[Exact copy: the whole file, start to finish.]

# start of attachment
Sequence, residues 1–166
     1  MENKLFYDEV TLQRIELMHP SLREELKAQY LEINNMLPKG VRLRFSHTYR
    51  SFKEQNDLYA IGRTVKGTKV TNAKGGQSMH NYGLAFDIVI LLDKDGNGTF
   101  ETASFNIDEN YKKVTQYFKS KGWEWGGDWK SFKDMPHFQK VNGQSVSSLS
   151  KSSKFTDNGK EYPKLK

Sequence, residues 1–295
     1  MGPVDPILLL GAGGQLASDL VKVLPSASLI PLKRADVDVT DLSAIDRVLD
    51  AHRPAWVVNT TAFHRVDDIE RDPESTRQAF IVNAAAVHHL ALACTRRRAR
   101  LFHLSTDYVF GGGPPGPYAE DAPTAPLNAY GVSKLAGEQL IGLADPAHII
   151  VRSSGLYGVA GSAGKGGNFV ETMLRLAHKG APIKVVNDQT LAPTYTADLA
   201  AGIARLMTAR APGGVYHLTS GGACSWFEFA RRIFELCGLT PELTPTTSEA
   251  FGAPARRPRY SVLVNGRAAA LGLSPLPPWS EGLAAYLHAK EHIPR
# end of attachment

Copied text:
Sequence, residues 1–166
     1  MENKLFYDEV TLQRIELMHP SLREELKAQY LEINNMLPKG VRLRFSHTYR
    51  SFKEQNDLYA IGRTVKGTKV TNAKGGQSMH NYGLAFDIVI LLDKDGNGTF
   101  ETASFNIDEN YKKVTQYFKS KGWEWGGDWK SFKDMPHFQK VNGQSVSSLS
   151  KSSKFTDNGK EYPKLK

Sequence, residues 1–295
     1  MGPVDPILLL GAGGQLASDL VKVLPSASLI PLKRADVDVT DLSAIDRVLD
    51  AHRPAWVVNT TAFHRVDDIE RDPESTRQAF IVNAAAVHHL ALACTRRRAR
   101  LFHLSTDYVF GGGPPGPYAE DAPTAPLNAY GVSKLAGEQL IGLADPAHII
   151  VRSSGLYGVA GSAGKGGNFV ETMLRLAHKG APIKVVNDQT LAPTYTADLA
   201  AGIARLMTAR APGGVYHLTS GGACSWFEFA RRIFELCGLT PELTPTTSEA
   251  FGAPARRPRY SVLVNGRAAA LGLSPLPPWS EGLAAYLHAK EHIPR